Getting excited about seeing Friday's Blue Moon? Well, we're sorry to be the bearers of bum news, but there are a few things you should know about this medium-rare occurrence.
1. It's not actually a Blue Moon
According to the accepted definition of "Blue Moon" -- that it's the second full moon in a month -- Friday's moon is indeed a "Blue" one. But the accepted definition is technically wrong.
Each month typically has one full moon. But we base our days on the solar calendar, and the lunar calendar doesn't sync up with it exactly, so every two or three years, one month gets an extra full moon. According to the Maine Farmers' Almanac from the first half of the 20th Century, which counted moons within three-month seasons, rather than per individual months, a Blue Moon is the third moon in a season that has four.
(Why the third? All the other full moons had special names, such as "Strawberry Moon, "Harvest Moon" or "Beaver Moon," and this was a way to avoid messing up the order.)
In 1946, a Sky & Telescope writer skipped all the confusing details and wrote, according to the Library of Congress, "This second (full moon) in a month, so I interpret it, was called Blue Moon," thus giving us the erroneous definition we have today.
So, really, the Blue Moon this year won't come until August, and will be the only full moon that month.
2. It's not even blue
It's not known how Blue Moons got their colorful designation to begin with. The etymology is murky at best, but it's pretty clear that it has nothing to do with the actual hue of the moon.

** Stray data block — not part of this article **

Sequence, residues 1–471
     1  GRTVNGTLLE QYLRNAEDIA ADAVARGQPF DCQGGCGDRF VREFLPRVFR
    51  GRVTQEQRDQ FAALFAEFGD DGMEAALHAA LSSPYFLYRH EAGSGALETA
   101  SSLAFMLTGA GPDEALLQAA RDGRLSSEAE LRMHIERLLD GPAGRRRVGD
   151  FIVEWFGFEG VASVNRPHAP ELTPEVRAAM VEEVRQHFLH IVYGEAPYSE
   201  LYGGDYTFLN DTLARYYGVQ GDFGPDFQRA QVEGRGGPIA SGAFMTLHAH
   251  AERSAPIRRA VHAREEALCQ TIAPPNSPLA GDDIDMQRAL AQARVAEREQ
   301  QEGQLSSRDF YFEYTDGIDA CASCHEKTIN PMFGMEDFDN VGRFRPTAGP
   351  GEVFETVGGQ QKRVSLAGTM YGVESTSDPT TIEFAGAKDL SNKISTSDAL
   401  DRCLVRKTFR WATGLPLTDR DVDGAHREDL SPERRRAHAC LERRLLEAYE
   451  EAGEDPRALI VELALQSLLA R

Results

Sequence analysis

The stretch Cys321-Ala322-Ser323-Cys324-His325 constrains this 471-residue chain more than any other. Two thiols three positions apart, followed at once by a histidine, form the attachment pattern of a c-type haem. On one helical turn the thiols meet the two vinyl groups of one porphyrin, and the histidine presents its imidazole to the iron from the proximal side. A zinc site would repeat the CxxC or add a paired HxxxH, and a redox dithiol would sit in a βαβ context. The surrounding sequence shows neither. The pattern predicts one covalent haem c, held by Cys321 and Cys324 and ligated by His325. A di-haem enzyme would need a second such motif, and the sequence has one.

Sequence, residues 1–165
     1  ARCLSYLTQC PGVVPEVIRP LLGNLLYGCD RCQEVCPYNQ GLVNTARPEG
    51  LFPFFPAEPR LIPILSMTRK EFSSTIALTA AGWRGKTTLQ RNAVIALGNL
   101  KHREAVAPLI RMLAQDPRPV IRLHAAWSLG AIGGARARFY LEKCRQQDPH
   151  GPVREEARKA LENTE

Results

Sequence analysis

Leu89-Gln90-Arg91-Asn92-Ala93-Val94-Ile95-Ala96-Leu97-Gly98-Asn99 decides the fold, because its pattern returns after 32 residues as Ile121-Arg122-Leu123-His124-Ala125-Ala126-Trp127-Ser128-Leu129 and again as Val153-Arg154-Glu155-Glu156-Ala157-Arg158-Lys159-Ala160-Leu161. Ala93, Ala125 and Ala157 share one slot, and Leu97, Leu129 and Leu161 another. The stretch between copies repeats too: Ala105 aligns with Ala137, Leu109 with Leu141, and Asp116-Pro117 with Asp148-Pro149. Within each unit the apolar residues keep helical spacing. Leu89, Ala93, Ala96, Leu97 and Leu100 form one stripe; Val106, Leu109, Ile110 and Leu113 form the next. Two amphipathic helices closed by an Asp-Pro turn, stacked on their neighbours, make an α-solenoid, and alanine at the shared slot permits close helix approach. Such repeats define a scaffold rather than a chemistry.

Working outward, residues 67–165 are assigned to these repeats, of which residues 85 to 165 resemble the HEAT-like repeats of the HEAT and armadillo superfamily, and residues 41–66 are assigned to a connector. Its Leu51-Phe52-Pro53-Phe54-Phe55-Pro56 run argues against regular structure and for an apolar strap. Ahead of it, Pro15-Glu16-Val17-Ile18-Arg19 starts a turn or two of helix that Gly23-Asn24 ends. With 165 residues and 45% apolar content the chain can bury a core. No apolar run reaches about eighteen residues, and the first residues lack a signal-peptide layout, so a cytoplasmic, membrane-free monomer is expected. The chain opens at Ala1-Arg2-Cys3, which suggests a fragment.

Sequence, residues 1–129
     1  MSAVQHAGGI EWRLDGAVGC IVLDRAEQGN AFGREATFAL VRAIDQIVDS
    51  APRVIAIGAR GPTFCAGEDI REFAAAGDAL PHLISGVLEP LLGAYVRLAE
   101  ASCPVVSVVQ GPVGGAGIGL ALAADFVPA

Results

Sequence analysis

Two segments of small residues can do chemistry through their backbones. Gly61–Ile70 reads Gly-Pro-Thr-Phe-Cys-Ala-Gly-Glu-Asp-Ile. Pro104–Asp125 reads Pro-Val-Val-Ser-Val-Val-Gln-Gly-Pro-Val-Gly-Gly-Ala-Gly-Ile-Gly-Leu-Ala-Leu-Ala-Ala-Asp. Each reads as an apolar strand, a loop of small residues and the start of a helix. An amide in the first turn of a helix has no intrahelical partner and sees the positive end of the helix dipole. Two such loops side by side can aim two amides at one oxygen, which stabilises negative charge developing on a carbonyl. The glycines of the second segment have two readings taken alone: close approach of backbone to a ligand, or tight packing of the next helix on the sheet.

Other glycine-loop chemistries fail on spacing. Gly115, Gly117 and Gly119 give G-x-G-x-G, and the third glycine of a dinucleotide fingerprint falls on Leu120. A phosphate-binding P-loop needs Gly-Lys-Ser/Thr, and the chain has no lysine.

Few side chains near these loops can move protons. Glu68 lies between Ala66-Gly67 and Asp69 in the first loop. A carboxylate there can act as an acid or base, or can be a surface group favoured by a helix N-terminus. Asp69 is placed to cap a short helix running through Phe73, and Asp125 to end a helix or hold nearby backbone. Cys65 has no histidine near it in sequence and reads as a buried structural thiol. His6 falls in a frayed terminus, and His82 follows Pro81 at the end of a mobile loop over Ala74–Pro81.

This one's going to look like pretty much any other one.
If it's any consolation, the moon can look blue sometimes, when particles of ash and smoke from a volcanic eruption or a massive forest fire scatter the light reflecting off the moon, making it appear blue. So you can hope for that to happen at some point -- or just be glad it hasn't.
3. You might not see it
Like any other moon -- blue or otherwise -- you can't always see it. If it's cloudy or hazy, or if the smog where you live is really bad, you might not see anything at all. But don't despair, because...
4. You already missed it anyway
If you see the moon tonight it will look impressively round -- a full moon by any normal observer's estimation. But technically, it's already passed its max.
The date of the full moon narrows down on what day you're going to see it. But since we and the moon are in constant rotation, there's an exact moment when the moon is officially at its peak fullness. Before and after that time, it looks perfectly plump, but is actually waxing or waning.
Friday's exact full moon time on the West Coast was 3:43 a.m. It was 5:43 a.m. in Chicago, and 6:43 a.m. in New York. Australians were almost the only people on Earth lucky enough to get their un-Blue Moon during typical evening hours.